LIONS LIONS – Christians to Lions Lions
Metalcore and deathcore are genres that have given the kids around the world a soundtrack to their party. This has been a template for many bands, but in my opinion it’s hard to distinguise between the cream and the crap. Whether or not you actually like the sound, it’s hard not to come under the charm of the Massachuetts based band Lions Lions. Their spoof videos on youtube like Occupy Lions Lions and 10000 likes on facebook, shows a band that doesn’t take themselves too seriously and also makes fun of band life in general. The interviews I’ve seen on the already mentioned tubesite is chaotic to say the least. The answers and jokes come so quickly that it’s hard to keep up, but that might be because I’m a old balding fat bastard and the only part of my body that actually get’s tanned are my teeth. The last album from the wild bunch is called To Carve Our Name and it will be released in Europe on june 18. It follows in the same vein as the previous albums The Path We Take and From What We Believe, but it’s more polished and the songs are tighter. They have been touring the states the past month, so I reached out via mail to vocalist Josh Herzer. Ladies and gentlemen here’s Lions Lions.
From what I’ve seen from your youtube videos (occupy Lions Lions, 10,000 likes on facebook), it seems like humor plays a large part in the band’s existence. How does that play out in your music?
Our videos reflect our personality on and off stage. We don’t take ourselves seriously. We’re not saving the world, just writing songs. There’s not a lot of humor in our music, so our videos show another side of us.
It seems like you’re also making fun of fame and band life in general. What are the most ridiculous concepts within the music industry today?
Boy Bands. Some bands in our genre are told what to wear, songs are written for them, and their music is backtracked live. It’s phony and dishonest, but people don’t seem to mind.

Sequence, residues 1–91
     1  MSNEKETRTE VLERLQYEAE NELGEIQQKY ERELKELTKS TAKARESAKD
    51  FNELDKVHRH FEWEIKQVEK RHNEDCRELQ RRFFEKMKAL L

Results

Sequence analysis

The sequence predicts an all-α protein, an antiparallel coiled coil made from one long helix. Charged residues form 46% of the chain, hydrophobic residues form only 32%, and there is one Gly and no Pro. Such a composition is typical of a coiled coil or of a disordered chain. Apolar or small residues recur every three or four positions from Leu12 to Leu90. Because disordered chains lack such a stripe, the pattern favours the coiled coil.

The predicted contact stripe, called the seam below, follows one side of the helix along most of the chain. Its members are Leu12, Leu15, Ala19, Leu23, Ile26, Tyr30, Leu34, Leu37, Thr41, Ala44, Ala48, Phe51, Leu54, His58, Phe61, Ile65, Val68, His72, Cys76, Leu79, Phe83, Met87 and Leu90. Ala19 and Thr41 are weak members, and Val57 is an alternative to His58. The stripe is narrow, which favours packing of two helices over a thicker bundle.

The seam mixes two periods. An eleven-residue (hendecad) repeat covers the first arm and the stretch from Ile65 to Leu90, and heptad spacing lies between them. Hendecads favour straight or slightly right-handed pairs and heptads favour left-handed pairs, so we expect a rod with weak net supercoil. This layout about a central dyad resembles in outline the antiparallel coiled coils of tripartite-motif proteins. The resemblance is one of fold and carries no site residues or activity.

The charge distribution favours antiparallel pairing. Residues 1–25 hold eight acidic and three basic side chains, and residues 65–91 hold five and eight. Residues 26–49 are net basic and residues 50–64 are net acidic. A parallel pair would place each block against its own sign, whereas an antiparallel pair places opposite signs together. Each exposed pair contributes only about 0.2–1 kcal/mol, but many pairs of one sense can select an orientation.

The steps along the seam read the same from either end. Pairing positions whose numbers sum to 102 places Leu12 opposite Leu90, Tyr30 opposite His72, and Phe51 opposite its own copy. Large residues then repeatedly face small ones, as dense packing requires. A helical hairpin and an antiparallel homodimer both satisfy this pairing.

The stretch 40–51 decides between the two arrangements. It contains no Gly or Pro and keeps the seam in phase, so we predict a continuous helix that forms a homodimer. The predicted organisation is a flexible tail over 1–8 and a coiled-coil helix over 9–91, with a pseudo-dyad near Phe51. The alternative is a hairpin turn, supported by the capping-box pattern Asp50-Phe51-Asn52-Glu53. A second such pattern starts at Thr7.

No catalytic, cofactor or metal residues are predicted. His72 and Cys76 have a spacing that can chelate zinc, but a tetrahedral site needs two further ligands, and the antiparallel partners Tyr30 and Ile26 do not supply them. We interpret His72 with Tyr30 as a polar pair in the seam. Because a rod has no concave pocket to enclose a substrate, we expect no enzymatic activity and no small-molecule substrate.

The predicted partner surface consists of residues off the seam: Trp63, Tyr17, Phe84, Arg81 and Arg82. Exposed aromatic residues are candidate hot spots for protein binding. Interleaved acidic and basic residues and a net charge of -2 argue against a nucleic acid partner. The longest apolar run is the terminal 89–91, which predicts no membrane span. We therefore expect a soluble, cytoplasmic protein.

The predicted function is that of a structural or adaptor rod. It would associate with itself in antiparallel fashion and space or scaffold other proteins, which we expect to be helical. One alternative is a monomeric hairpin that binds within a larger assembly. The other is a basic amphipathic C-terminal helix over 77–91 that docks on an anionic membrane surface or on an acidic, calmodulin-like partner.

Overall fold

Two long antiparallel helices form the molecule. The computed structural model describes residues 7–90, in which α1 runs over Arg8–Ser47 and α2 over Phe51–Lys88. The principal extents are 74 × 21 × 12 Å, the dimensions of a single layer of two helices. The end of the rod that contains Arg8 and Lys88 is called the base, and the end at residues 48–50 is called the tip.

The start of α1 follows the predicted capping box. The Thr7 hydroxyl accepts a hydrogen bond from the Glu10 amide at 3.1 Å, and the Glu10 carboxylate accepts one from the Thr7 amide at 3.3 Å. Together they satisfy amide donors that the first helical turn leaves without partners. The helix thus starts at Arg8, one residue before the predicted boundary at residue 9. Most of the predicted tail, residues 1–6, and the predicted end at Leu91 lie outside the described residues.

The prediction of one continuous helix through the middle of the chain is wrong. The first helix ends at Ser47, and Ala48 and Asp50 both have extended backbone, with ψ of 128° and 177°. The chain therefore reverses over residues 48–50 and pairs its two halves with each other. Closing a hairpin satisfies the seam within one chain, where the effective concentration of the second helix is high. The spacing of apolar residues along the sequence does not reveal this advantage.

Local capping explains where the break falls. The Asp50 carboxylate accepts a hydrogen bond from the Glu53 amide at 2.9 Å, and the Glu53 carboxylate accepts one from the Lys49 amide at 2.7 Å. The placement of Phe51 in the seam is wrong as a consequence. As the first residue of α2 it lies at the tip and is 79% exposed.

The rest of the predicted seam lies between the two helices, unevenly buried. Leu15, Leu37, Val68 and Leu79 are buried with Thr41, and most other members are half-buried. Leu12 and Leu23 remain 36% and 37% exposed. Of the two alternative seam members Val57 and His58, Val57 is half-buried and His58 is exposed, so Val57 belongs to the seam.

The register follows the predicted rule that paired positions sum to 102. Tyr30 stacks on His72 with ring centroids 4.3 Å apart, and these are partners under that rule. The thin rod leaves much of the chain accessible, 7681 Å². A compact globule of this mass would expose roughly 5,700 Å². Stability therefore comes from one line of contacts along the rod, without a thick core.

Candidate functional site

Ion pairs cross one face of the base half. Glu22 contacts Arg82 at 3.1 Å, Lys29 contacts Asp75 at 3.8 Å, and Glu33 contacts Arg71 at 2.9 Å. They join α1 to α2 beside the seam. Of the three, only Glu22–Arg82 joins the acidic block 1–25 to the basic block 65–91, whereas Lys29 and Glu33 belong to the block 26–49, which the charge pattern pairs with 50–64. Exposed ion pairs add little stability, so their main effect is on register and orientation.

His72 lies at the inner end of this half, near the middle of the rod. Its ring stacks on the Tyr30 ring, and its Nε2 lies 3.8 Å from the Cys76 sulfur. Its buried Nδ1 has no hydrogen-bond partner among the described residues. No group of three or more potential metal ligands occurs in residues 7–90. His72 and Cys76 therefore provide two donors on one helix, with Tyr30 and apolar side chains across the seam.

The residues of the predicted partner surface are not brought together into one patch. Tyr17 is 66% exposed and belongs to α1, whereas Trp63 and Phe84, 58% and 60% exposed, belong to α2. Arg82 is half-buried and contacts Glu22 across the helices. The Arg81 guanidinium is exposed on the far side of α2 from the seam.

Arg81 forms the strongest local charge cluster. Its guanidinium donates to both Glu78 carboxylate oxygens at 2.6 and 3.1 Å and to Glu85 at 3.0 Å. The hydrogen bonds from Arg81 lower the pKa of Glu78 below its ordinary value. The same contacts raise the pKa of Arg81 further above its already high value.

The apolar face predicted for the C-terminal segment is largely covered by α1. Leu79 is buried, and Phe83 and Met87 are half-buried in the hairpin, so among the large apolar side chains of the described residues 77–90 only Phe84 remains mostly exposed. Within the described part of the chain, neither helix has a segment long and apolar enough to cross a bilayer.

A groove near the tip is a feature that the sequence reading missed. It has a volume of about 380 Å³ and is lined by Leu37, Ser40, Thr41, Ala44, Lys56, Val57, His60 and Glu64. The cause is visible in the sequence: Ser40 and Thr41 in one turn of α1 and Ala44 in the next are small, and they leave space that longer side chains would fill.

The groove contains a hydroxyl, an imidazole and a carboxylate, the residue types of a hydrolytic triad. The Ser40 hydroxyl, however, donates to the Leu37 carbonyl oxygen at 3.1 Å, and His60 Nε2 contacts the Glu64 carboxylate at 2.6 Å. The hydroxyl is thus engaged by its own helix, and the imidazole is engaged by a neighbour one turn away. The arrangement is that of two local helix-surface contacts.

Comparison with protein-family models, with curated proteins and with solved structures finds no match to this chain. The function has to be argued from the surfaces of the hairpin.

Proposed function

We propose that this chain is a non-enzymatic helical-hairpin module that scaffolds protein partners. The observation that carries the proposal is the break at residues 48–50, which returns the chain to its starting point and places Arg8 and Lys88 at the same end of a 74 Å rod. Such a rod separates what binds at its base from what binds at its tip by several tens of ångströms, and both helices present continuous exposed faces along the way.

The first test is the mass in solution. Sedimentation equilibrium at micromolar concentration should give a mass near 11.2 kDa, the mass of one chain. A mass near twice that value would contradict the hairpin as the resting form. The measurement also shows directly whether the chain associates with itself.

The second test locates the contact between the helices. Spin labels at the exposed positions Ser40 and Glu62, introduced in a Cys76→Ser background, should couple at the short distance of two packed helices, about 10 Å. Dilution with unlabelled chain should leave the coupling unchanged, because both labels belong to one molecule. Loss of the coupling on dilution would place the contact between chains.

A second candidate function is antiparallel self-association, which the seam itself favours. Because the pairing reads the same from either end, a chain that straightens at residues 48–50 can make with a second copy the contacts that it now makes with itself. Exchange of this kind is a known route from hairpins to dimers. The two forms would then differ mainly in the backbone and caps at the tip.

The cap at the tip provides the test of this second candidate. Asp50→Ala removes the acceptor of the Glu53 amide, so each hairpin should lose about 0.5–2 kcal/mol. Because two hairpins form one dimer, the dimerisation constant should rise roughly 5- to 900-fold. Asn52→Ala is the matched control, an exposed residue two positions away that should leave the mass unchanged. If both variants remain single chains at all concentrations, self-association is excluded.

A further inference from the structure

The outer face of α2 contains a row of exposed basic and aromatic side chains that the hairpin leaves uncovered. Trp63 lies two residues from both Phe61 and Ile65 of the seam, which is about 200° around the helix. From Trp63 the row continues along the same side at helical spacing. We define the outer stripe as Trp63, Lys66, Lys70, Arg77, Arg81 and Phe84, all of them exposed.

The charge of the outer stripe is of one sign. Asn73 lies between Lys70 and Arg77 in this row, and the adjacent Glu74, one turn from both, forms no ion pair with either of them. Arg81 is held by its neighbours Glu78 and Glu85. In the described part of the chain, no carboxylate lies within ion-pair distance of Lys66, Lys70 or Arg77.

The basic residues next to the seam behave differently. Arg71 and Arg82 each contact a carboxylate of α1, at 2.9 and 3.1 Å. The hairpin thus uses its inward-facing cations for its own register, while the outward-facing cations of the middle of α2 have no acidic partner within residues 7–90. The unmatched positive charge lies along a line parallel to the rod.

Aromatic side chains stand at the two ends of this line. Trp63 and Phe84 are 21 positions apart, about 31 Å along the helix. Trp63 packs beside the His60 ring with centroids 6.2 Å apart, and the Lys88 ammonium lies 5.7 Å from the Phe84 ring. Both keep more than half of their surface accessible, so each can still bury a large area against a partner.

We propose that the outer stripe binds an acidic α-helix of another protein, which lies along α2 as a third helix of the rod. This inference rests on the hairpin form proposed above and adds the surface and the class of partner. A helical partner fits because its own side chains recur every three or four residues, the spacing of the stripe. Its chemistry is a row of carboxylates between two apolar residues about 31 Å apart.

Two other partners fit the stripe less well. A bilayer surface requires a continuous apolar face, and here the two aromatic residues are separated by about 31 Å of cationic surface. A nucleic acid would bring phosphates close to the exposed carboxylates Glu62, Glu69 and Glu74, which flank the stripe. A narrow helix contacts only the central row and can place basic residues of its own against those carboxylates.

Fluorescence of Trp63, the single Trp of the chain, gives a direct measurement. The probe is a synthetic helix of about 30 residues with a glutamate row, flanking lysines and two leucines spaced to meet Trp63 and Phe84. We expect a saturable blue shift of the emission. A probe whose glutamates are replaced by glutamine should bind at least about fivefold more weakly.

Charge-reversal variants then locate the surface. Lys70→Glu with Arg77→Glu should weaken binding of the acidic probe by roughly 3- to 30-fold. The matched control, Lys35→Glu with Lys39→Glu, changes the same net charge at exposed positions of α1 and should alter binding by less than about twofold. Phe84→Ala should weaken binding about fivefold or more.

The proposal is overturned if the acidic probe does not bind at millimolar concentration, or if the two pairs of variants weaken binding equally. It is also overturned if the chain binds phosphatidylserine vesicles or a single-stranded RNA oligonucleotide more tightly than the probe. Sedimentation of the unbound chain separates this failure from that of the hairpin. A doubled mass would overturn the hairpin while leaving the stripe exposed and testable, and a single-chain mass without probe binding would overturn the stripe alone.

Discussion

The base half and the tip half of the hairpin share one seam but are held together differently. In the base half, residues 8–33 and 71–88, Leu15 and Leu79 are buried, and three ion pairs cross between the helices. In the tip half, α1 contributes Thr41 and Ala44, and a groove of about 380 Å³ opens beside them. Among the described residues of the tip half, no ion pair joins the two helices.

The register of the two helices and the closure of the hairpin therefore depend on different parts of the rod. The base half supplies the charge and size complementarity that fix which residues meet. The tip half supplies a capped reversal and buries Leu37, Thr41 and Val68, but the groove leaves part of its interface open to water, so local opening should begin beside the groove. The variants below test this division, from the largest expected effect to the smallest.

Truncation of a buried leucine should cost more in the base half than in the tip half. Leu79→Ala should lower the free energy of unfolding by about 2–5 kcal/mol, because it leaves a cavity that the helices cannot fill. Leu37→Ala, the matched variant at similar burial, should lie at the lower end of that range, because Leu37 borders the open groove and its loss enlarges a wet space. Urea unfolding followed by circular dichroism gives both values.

Are you youtube addicts?
Outside of posting videos, Id say we’re light Youtubers.
From what I’ve gathered from the promo packaged, you are based in Massachuetts, in or near Boston. Boston has a status bordering on legendary within punk/hc/straightedge circles. How has that history affected your band?
It’s affected our approach to touring, writing, and performing. We have a very DIY attitude when it comes to our band.
As a band who’s got metallic elements in your music and also melodic elements. Do you sometimes feel constrained within the confines of punk and HC? Why/Why not?
No. We just write music that we like. Throughout our albums there’s a lot of ground covered. We do a little bit of everything.
Since a lot of punk/HC fans can be hardcore about what defines a the genre, does this mean that you primarily have a young fanbase?
I think we’ve reached a good mix of people of all ages. The hardcore scene in New England is really open minded and supportive of bands, regardless of their genre.
How did you end up on Hollywood Waste Records?
We played the New England Metal & Hardcore Festival showcase at SXSW in 2010 and caught the attention of Century Media/Hollywood Waste. By January ’11 we signed the contract and started moving forward.
How was the recording process of the record To Carve Our Names?
We wrote the album over the span of a year. So we were really prepared by the time we got to the studio. Our producers (Shep Goodman and Aaron Accetta) were really easy to work with and understood what we were trying to achieve with these songs.
Qouting from your press release" The title of the record is about making your mark. Touring and recording music is our way of doing that." Why, in your opinion, do you feel that it is important to make your mark as an everyday person?
Everyone has something to offer. Too many people just settle in to a routine and stay there for the rest of their lives. We encourage people to find their niche and pursue it.
Is that your focall point with your music, not just to make an impression or mark as a band, but also to put that point across to whoever is listening to your music?
Absolutely. Our band has always had a positive message. It’s not about a religion or how to live your life, just TO live your life.
You worked with Shep Goodman and Aaron Accetta for this record. I think you’ve also stated that they made you better songmakers. How?
Aside from tightening up the structure of the songs, a big thing for them was "Moments". "Moments" are the part of a song that you look forward to hearing as a listener. That one hook that may only happen once, maybe twice in a song, but keeps you wanting more. Looking at our songs from that standpoint and defining the "Moments" really fleshed out the songs.
Any last words for your fans?
The support has been amazing, and we can’t thank you enough. Keep a look out for a lot of cool, interesting, and stupid things from us in the future.